Understanding Measurement Precision, Accuracy, and Trueness

Understanding Measurement Precision, Accuracy, and Trueness

Nov 24, 2023

In the realm of scientific research, engineering, and even everyday life, precise and accurate measurements are crucial for obtaining reliable results. What characteristics make a scale highly precise?

What is a measurement that is accurate? Is trueness the same as accuracy? In this blog, we will explore the concepts of measurement trueness, accuracy, and precision, and understand their significance in 3D laser scanning.

Measurement Trueness


Measurement Trueness

High Trueness
Low Precision
Low Accuracy

Measurement trueness is the closeness of the mean value of a large number of repeated measurements to a known value.

Assuming that we have conducted multiple measurements and calculated the mean value of these measurements if this mean value is close to the reference value, we can say that the measurement trueness is high. Conversely, if the mean value of the measurements deviates from the reference value, then the measurement trueness is low.

Trueness is related to the systematic measurement error and not to the random measurement error. Unlike accuracy, which compares individual measurements to a reference value, trueness focuses on the overall agreement of average results.


Measurement Precision


Measurement Precision

Low Trueness
High Precision
Low Accuracy

Precision refers to the degree of consistency and repeatability of results obtained from repeated measurements of the same or similar object under specific conditions.

Conducting multiple measurements under the same conditions, if the results are close to each other, then the measurement precision is high. Conversely, the more scattered the measurement results, the lower the measurement precision.

Precision can be expressed using statistical measures such as standard deviation, variance, or coefficient of variation at specific conditions including repeatability conditions, intermediate precision conditions, and reproducibility conditions.


Measurement Accuracy


Measurement Accuracy

High Trueness
High Precision
High Accuracy

Measurement accuracy, or simply accuracy, describes how close a measured value is to a true value.

If a measurement result is very close to the reference value and exhibits high consistency, it indicates that our measurement accuracy is high; conversely, if the result deviates from the reference value, the accuracy is low.

Accuracy is a qualitative concept that does not have a numerical value and cannot be calculated.


Intermediate Measurement Precision

Intermediate precision of measurement is the precision of measurement under a set of intermediate precision conditions. Intermediate precision conditions are a set of conditions that may vary over a longer period of time while using the same measurement procedure, location, and repeated measurement of the same or similar object.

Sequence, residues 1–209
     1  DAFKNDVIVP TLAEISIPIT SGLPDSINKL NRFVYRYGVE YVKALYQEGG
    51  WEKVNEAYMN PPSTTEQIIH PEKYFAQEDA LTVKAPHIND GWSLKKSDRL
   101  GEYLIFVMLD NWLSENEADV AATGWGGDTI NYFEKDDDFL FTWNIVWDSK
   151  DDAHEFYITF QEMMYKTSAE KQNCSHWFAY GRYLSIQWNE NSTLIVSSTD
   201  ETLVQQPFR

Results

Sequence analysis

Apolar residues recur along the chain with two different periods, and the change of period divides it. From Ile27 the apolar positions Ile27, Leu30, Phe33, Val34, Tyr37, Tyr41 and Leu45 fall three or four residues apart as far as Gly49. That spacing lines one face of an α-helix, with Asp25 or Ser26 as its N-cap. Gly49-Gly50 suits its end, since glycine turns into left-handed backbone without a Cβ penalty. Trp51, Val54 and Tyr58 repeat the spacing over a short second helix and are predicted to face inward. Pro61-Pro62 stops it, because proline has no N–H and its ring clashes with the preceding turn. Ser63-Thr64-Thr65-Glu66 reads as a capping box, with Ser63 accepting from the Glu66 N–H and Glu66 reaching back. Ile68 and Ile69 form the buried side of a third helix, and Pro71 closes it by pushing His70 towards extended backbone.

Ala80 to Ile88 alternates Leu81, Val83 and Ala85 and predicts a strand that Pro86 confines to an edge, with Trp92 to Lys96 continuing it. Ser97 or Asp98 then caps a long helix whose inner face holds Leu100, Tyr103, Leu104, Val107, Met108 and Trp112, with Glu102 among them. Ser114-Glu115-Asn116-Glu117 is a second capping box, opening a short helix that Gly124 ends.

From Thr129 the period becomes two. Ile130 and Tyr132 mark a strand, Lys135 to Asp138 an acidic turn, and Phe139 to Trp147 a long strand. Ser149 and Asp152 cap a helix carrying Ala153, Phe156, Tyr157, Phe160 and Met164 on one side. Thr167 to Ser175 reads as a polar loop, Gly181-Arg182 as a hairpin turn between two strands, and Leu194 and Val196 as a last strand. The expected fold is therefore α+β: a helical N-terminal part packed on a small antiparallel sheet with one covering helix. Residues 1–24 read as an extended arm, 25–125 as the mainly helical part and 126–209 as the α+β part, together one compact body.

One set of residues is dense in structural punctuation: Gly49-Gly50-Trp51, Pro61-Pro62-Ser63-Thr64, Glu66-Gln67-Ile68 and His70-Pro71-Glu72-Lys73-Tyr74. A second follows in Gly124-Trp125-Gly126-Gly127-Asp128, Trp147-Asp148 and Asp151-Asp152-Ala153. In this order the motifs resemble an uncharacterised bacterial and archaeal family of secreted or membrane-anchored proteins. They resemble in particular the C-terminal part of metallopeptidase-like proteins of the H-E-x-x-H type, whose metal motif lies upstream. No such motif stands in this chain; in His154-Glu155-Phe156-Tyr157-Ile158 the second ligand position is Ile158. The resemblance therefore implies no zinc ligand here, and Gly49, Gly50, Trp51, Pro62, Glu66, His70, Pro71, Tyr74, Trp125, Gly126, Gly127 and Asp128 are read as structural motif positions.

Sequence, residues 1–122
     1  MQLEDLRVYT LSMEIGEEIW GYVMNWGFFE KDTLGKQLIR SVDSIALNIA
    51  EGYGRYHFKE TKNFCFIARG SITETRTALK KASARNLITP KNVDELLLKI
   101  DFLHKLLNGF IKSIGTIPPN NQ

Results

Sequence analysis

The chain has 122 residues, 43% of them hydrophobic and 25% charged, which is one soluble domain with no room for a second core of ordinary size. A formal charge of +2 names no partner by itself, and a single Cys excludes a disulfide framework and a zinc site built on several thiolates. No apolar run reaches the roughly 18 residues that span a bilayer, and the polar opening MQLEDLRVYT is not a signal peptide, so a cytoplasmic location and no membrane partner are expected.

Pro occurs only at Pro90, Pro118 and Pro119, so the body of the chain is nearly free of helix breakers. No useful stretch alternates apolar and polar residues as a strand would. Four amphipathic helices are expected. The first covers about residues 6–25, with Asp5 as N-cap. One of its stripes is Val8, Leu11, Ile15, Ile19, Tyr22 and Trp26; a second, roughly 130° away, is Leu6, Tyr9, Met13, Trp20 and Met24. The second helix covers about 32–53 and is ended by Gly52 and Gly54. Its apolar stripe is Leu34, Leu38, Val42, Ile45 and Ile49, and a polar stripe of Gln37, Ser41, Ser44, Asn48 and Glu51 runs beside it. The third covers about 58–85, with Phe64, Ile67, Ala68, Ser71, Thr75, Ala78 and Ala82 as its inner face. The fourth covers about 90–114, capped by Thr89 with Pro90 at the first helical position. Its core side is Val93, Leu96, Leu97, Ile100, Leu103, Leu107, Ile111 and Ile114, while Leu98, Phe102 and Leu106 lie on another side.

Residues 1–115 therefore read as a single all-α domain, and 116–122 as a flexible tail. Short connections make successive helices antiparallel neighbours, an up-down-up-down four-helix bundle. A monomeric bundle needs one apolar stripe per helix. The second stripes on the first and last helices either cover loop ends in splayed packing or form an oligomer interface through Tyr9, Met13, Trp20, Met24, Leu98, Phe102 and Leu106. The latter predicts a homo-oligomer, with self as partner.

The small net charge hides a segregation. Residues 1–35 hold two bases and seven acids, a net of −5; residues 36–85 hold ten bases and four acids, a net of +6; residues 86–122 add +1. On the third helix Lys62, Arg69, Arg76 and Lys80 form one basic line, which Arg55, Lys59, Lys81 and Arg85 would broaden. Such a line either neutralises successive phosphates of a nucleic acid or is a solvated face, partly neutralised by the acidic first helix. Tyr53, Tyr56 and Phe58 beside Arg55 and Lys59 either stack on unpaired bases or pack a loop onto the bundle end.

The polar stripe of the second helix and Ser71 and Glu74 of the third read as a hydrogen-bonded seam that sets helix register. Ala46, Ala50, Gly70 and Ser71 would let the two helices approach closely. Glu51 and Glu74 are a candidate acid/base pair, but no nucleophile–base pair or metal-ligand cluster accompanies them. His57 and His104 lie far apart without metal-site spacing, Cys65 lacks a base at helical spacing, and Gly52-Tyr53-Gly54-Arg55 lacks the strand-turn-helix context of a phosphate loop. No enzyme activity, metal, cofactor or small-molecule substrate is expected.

The varying conditions may include new calibration and changes in measurement standards, operators, and measurement systems. When reporting the intermediate precision, the conditions should be specified, including the changed and unchanged conditions, as well as the actual degree of change.

Interplay between Precision, Accuracy, and Trueness

Precision, accuracy, and trueness are related but different concepts in the science of measurement. Precision evaluates the variation and repeatability of the measurements, while trueness indicates the closeness of the average values to the true value, and accuracy reflects the systematic and random errors.

A measurement method can be precise but not accurate if it has a consistent deviation from the true value, or accurate but not precise if it has a random scatter of the results around the true value. The best measurement method should be both precise and accurate, with trueness ensuring the validity of the mean values.

Precision and Accuracy in 3D Scanning

Using the optical 3D measurement system TrackScanSharp, we measured a standard gauge block with a length of 1000 mm ten times at a distance of 4.5 m from the i-Tracker and obtained the following results.

Nominal (mm) Actual(mm) Deviation(mm)
Group 1 1000 1000.025 0.025
Group 2 1000 1000.037 0.037
Group 3 1000 1000.021 0.021
Group 4 1000 1000.039 0.039
Group 5 1000 1000.013 0.013
Group 6 1000 1000.026 0.026
Group 7 1000 1000.025 0.025
Group 8 1000 1000.041 0.041
Group 9 1000 1000.020 0.02
Group 10 1000 1000.031 0.031

According to the official parameters, the equipment has a volumetric accuracy of 0.067 mm when measured at a distance of 4.5 m from the i-Tracker.

As shown in the table, all ten measurements meet this requirement, indicating a high measurement trueness. The standard deviation of the ten measurements is 0.0086 and the range is 0.028, which shows good measurement precision.

Precision and Accuracy in 3D Scanning

Conclusion

Trueness, precision, and accuracy are crucial aspects of measurement that affect the reliability and significance of the results in various fields. To obtain high-quality measurements, scientists, engineers, and researchers aim to improve all three aspects.

By applying appropriate calibration, designing experiments carefully, and choosing suitable measurement methods, we can achieve measurements that are both precise and accurate, which can lead to progress in different areas.

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